Anti-predator function of eyespots and eyestripes
Eyespots divert attacks by fish (Abstract)
Eyespots (colour patterns consisting of concentric rings)
are found in a wide range of animal taxa and are often assumed to have an anti-predator function.
Previous experiments have found strong evidence for an intimidating effect of eyespots against
passerine birds. Some eyespots have been suggested to increase prey survival by diverting attacks
towards less vital body parts or a direction that would facilitate escape. While eyespots in aquatic
environments are widespread, their function is extremely understudied. Therefore, we investigated the
protective function of eyespots against attacking fish. We used artificial prey and predator-naïve
three-spined sticklebacks (Gasterosteus aculeatus) as predators to test both the diversion (deflection)
and the intimidation hypothesis. Interestingly, our results showed that eyespots smaller than the
fish’ own eye very effectively draw the attacks of the fish towards them. Further, our experiment
also showed that this was not due to the conspicuousness of the eyespot, because attack latency
did not differ between prey items with and without eyespots. We found no support for an
intimidating effect by larger eyespots. Even though also other markings might misdirect
attacks, we can conclude that the misdirecting function may have played an important role in the
evolution of eyespots in aquatic environments.
Copperband butterflyfish with the typical eyespot pattern. It also has an "eye stripe"
running vertically through its real eye and such stripes are thought to conceal salient features such as the eye by
effectively disrupting its othewise revealing charachters. To the right: a stickleback attacking the eyespot on
an artificial prey item used in our experiments
Importance of eye mimicry for the anti-predator function of eyespots
(Ongoing project, I will reveal more about this project soon)
Background choice as an anti-predator strategy: the roles of background matching and visual complexity in the habitat choice of the least killifish (Abstract)
Because background matching improves concealment, prey animals have traditionally
been expected to prefer parts of the habitat that match their visual appearance. Yet, empirical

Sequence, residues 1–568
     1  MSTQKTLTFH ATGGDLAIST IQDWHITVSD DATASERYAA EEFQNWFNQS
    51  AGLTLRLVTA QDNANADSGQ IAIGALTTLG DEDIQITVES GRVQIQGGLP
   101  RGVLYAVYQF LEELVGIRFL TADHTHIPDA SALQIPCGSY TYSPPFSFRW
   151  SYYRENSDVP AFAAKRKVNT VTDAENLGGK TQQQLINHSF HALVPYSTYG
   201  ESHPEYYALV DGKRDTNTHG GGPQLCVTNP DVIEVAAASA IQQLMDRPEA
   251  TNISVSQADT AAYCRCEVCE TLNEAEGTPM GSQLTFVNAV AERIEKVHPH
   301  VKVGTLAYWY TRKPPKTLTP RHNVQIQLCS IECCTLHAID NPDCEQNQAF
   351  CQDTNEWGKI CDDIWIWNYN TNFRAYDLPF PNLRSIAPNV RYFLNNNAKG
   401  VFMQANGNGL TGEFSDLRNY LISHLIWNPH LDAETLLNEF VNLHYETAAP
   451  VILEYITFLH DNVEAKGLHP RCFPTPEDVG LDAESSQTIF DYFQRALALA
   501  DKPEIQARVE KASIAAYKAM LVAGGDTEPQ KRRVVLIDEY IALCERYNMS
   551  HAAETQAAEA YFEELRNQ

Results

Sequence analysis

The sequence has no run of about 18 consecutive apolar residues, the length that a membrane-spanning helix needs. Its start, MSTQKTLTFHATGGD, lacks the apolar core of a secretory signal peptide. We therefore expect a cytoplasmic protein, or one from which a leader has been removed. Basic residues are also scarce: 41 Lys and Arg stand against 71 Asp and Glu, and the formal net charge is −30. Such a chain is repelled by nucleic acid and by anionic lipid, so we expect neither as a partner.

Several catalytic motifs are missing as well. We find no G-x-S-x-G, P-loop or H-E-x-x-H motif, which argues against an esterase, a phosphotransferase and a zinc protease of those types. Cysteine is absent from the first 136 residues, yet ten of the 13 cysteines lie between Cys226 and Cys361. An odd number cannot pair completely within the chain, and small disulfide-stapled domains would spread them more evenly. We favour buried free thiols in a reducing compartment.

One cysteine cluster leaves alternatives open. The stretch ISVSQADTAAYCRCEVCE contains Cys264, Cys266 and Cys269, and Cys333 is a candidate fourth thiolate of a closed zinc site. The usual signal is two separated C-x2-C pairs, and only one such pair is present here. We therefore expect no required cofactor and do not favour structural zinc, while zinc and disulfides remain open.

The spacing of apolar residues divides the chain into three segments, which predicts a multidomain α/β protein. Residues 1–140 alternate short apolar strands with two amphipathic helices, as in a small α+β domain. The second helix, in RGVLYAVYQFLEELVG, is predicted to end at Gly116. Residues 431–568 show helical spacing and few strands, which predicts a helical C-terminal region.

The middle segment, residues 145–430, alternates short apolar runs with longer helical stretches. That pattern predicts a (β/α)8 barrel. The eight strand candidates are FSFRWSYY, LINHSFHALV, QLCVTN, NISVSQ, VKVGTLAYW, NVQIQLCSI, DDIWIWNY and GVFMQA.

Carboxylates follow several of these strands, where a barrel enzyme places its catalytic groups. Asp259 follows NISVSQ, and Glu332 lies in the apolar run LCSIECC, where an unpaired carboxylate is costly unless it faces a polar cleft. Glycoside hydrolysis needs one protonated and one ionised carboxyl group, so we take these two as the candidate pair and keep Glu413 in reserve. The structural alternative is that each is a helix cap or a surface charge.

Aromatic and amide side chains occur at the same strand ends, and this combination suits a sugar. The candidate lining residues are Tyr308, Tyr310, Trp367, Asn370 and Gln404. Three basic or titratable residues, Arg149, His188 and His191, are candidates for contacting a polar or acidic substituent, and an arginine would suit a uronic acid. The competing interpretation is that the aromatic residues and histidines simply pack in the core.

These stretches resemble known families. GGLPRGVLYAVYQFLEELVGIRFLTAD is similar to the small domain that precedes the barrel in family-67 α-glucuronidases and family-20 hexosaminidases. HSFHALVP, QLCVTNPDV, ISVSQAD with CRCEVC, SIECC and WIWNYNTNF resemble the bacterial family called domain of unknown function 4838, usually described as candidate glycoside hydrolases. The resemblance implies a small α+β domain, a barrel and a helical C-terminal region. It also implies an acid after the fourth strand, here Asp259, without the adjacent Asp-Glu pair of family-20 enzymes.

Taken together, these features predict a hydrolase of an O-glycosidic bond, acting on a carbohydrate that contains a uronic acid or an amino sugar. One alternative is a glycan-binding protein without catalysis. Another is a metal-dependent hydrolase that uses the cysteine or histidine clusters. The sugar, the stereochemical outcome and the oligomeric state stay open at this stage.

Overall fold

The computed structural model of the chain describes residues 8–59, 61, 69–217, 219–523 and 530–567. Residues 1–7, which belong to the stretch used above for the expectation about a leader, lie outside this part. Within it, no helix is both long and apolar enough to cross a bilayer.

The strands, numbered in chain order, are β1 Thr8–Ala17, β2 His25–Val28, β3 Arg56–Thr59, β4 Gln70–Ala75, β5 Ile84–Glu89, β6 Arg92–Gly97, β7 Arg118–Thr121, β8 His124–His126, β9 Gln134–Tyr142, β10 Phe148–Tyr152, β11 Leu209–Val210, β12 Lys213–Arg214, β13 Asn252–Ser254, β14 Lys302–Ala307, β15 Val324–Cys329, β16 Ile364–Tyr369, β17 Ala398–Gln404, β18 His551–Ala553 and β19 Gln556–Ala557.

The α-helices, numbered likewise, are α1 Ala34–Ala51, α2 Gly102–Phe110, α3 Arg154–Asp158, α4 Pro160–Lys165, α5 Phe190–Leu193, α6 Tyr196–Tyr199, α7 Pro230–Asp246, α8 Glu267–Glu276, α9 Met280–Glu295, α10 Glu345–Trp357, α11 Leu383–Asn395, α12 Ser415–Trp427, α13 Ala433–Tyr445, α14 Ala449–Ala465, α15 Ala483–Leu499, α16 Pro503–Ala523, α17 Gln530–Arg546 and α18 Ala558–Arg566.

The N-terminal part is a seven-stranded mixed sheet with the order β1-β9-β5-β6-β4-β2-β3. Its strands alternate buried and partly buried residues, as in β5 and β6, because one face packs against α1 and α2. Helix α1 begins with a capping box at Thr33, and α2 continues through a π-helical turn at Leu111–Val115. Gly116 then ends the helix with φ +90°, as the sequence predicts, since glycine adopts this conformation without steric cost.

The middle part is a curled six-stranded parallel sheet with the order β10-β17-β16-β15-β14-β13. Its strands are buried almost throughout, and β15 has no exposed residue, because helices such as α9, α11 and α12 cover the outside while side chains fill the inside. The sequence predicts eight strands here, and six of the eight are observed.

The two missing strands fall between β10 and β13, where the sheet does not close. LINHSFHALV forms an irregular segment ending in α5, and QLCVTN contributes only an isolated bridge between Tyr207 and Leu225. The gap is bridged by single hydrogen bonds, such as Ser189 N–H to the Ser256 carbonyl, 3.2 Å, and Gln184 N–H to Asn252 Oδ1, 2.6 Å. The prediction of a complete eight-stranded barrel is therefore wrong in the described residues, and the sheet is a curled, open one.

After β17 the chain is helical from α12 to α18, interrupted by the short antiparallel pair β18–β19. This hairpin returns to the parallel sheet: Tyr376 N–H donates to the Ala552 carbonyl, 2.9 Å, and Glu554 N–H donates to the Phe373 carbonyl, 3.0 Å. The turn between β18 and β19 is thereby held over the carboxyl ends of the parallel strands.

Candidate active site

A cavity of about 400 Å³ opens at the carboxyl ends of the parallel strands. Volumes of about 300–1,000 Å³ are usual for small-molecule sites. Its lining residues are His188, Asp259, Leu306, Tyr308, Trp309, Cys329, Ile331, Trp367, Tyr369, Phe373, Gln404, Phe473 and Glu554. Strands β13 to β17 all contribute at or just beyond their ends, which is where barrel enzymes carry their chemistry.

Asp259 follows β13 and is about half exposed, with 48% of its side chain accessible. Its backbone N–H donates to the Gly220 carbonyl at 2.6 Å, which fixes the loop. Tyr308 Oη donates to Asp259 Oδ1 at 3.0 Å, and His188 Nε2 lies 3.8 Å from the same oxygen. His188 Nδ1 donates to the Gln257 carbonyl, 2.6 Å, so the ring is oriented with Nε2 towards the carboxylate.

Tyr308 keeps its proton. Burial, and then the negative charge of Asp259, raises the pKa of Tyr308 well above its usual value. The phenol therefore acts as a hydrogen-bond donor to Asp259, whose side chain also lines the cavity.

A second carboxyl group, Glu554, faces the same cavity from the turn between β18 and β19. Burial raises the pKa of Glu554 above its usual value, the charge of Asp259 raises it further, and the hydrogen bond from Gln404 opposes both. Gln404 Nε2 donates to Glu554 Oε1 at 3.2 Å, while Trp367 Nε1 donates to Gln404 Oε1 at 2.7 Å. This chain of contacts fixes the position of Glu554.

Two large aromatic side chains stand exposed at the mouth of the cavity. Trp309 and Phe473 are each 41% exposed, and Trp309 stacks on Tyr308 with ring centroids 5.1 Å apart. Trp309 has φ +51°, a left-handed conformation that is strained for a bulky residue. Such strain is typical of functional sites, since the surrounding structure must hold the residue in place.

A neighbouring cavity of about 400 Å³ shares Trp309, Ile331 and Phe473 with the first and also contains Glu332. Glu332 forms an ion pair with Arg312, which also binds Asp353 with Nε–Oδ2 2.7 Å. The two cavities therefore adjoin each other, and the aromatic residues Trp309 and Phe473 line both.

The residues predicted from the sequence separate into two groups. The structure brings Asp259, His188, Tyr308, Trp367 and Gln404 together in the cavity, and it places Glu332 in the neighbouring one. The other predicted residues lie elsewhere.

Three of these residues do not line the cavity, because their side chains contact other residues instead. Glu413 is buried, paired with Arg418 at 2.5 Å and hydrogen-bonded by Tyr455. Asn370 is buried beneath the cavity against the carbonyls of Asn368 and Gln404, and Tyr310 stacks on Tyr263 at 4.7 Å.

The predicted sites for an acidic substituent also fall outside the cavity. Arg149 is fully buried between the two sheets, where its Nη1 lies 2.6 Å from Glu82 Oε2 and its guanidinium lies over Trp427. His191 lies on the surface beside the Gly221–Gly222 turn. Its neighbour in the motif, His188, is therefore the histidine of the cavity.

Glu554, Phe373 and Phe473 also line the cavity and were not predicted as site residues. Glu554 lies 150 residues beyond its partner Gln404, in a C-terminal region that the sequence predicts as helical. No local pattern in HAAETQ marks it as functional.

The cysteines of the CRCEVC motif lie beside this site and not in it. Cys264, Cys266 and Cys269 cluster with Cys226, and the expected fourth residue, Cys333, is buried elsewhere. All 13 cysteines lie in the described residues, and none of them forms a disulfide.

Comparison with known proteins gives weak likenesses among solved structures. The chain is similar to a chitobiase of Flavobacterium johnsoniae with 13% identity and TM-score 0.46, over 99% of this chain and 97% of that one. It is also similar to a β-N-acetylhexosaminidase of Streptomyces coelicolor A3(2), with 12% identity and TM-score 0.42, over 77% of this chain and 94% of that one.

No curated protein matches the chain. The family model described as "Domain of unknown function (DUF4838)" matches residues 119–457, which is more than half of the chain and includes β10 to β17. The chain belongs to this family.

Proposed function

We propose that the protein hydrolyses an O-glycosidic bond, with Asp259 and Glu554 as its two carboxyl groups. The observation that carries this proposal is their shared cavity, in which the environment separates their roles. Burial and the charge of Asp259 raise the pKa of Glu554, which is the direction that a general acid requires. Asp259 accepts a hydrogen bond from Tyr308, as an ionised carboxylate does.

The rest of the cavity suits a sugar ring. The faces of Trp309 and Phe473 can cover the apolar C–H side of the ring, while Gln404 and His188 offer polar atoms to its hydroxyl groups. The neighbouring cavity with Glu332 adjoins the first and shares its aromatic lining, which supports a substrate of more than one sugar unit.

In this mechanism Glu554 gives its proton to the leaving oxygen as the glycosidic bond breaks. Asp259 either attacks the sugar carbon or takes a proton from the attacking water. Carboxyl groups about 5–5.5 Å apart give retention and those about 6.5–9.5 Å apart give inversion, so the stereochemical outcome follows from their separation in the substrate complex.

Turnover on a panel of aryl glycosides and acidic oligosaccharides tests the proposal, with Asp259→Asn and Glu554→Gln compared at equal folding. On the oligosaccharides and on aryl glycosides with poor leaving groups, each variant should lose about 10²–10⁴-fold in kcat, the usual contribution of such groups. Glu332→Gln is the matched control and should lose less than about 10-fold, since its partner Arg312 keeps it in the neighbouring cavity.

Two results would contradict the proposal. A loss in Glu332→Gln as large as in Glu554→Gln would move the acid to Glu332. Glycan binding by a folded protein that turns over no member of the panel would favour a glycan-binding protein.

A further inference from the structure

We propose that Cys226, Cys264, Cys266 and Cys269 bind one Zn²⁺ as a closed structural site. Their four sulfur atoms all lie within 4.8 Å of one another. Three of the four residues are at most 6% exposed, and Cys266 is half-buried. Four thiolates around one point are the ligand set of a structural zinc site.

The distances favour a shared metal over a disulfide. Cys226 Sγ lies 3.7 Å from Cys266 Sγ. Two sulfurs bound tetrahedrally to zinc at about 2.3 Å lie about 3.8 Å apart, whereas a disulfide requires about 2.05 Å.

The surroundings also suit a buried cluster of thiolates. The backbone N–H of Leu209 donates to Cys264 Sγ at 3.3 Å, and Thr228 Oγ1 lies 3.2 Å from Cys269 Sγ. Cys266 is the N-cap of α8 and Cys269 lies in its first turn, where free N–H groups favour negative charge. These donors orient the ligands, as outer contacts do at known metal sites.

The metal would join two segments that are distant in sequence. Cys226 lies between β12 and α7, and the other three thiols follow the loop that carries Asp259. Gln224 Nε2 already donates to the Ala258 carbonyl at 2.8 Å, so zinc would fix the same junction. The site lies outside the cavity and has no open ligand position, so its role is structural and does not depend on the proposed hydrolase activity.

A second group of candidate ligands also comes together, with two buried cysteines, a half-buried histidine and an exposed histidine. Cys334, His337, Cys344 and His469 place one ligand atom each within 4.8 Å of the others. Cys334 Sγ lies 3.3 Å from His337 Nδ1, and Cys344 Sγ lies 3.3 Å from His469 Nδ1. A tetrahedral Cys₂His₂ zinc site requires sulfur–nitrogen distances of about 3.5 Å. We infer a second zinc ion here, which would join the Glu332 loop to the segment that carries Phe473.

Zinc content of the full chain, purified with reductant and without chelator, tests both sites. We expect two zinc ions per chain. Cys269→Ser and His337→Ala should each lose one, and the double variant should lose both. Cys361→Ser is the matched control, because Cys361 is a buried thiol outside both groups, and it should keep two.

support for this is scarce. Moreover, this idea has recently been challenged by an alternative
hypothesis: visual complexity of the background impedes prey detection, and hence prey could
instead prefer complex parts of the habitat. We used the least killifish to test, with and without
predation threat, for the importance of the visual similarity between the fish and the background
and the level of visual complexity of the background. We observed their choice between backgrounds
patterned with elements based on the longitudinal black stripe of the fish. Predation risk was
important under some circumstances, and induced a preference for the background of matching,
horizontal stripes before the mismatching, vertical stripes. Interestingly, females under predation
threat showed a preference for the complex background of randomly-oriented and overlapping stripes
before matching stripes, whereas males did not discriminate between these two. Additionally, males
showed a preference for matching stripes before complex shapes whereas females did not discriminate
between these backgrounds. We conclude that matching is important in the choice for safe habitat,
but some aspects of visual complexity may override or act together with background-matching.
During my studies at the University of Gothenburg, I completed three theses projects:
In my first thesis I investigated whether the preference for orange color in guppies
(Poecilia reticultata) also applied on moving food objects by using coloured
daphnias (Daphnia spp.), and further I also investigated whether there was a
difference between males and females in their preference behaviour.
This was conducted in order to investigate the origin of their preference for orange colour,
i.e. whether it originated from a food context or mating context (BSc project).
I then completed a thesis on how predation risk might affect learning and memory
formation in wild caught brown trout (Salmo trutta) (MSc project).
In my third thesis project I invesigated how hunger state affected the ability
to find cryptic and conspicuous prey items in wild caught brown trout (MSc project).